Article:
The Court credits defendants’ testimony that there is a direct correlation between specific knowledge of the myriad variables that might affect a ride and the NYPD’s ability to protect public safety. Advance knowledge of the timing and whereabouts of a group ride enables the police to reroute pedestrian and vehicular traffic if necessary, provide the ride with an escort, block other traffic from a designated route to assist the cyclists and the general public and, of course, enforce the traffic rules more effectively. Such knowledge allows the NYPD also to alert emergency providers such as the Fire Department of an event, ensuring that appropriate access is availableshould an emergency arise.

The importance of advance knowledge and the coordination of events that it extends beyond better policing and increased safety of the events themselves. Deputy Chief Graham testified that the NYPD “polices large-scale events by preparing for the worst and hoping for the best.” Commissioner Kelly echoed this, explaining that police have outnumbered MCM riders at times because it is difficult for the NYPD to predict how many riders will participate.

In sum, a permitting system that informs the NYPD of the route to be traveled and other pertinent variables such as the anticipated number of participants reduces the department’s need to rely on luck and enhances its ability to assign the appropriate resources to each event. Armed with this rudimentary information, the NYPD can coordinate the movements of various groups of different sizes and ensure that they proceed at times and places where their impact on each other, other users of the roadways, and the City as a whole is kept to a minimum. Moreover, such a scheme allows the department to accomplish these goals more efficiently than otherwise would be possible and obviates the need for resource-depleting guessing games. When the department lacks such information, it “is forced to assign additional resources to cover a larger geographical area where the parade may travel to.” This inefficient allocation of resources undermines the department’s effort to provide for the public safety of the City as a whole.

Plaintiffs Claiming Selective Enforcement and Retaliation
Certain individual plaintiffs contend that defendants violated their Fourteenth Amendment right to equal protection of the law by selectively enforcing traffic and other laws against them for the purpose of suppressing and retaliating for First-Amendment-protected expressive activity. These claims are premised on the theory that the NYPD shifted from a more hands-off approach to an enforcement strategy in August 2004 not for legitimate law enforcement reasons, but to suppress and retaliate against MCM participants for protesting the RNC. Since then, in plaintiffs’ submission, the NYPD has waged a campaign of constitutionally impermissible enforcement and retaliation “in a systematic attempt to suppress” MCM.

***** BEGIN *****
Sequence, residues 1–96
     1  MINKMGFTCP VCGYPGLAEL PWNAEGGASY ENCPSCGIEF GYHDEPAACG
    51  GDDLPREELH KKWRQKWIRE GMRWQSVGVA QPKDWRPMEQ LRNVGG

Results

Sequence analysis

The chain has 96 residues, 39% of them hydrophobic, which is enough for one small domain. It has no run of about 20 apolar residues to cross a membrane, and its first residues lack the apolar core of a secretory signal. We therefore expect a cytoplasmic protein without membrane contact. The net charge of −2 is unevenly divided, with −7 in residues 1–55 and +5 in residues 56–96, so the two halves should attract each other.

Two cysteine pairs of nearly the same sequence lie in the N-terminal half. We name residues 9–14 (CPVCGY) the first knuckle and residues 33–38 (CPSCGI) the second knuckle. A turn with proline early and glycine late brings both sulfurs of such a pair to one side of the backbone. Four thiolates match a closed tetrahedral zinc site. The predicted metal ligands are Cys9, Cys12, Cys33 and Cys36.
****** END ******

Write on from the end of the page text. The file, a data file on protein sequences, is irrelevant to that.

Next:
Nelson, Shura and Son
Plaintiffs Nelson, Shura and Son all participated in their first MCM rides after August 27, 2004. Ms. Nelson first did so in October 2004, and took part in several rides before she was arrested during the February and December 2005 rides for parading without a permit and disorderly conduct. She received summons for an improperly-mounted tail light and failing to keep to the right in the November 2006 and May 2008 MCM rides, respectively.

Ms. Shura’s first MCM ride was in September 2004. She was arrested during the October 2004 ride for disorderly conduct and parading without a permit. She then participated in the November and December rides that year and at least one ride after that. She has not participated in a group bicycle ride since May 2005.

Mr. Son began riding in MCM rides in 2005 and received a summons for riding through a steady red light during the February 2006 MCM ride. He then participated in MCM rides through 2007, explaining that he considered it “a duty to ride in Critical Mass” and that he was “not dissuaded by ticketing.”

BlytheMs. Blythe participated in MCM rides from 2001 to 2005. She was arrested for disorderly conduct and parading without a permit during the July 2005 MCM ride and has not attended a ride since.

Mr. Gosciak, a member of 5BBC, participated or sought to participate in MCM rides from January through November 2004. He observed a ride in May 2006 and rode in the March 2009 ride. Gosciak never has been arrested or given a summons while participating in an MCM ride.

Prior Proceedings